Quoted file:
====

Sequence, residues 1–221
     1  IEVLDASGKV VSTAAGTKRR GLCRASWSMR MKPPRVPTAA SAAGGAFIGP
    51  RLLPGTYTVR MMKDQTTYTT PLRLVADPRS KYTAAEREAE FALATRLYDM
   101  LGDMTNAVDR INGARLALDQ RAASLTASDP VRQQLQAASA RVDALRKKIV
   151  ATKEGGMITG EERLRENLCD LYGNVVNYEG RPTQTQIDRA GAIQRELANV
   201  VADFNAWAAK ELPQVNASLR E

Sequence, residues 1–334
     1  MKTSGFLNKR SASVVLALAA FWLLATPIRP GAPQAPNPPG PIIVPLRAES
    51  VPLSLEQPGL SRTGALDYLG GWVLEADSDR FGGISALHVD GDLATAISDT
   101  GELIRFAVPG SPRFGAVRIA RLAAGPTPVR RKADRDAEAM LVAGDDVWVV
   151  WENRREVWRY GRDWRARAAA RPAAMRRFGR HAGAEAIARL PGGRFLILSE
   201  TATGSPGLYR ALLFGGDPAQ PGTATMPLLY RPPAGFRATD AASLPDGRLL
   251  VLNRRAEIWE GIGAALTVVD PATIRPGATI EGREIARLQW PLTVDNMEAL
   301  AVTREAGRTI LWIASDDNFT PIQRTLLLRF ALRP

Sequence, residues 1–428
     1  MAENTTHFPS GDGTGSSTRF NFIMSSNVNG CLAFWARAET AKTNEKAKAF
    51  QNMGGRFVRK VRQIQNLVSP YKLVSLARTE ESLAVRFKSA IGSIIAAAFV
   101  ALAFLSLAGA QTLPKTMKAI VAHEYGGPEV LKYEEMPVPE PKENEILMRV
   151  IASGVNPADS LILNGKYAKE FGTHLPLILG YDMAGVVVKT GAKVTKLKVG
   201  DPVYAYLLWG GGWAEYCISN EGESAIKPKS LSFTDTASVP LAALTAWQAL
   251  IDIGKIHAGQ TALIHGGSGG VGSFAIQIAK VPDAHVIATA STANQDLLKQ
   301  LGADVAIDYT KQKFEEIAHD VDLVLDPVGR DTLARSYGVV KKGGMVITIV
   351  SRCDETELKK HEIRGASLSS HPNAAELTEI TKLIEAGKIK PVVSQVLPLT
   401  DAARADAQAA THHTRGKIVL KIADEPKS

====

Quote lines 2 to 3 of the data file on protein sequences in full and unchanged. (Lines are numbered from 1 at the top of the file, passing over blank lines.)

     1  IEVLDASGKV VSTAAGTKRR GLCRASWSMR MKPPRVPTAA SAAGGAFIGP
    51  RLLPGTYTVR MMKDQTTYTT PLRLVADPRS KYTAAEREAE FALATRLYDM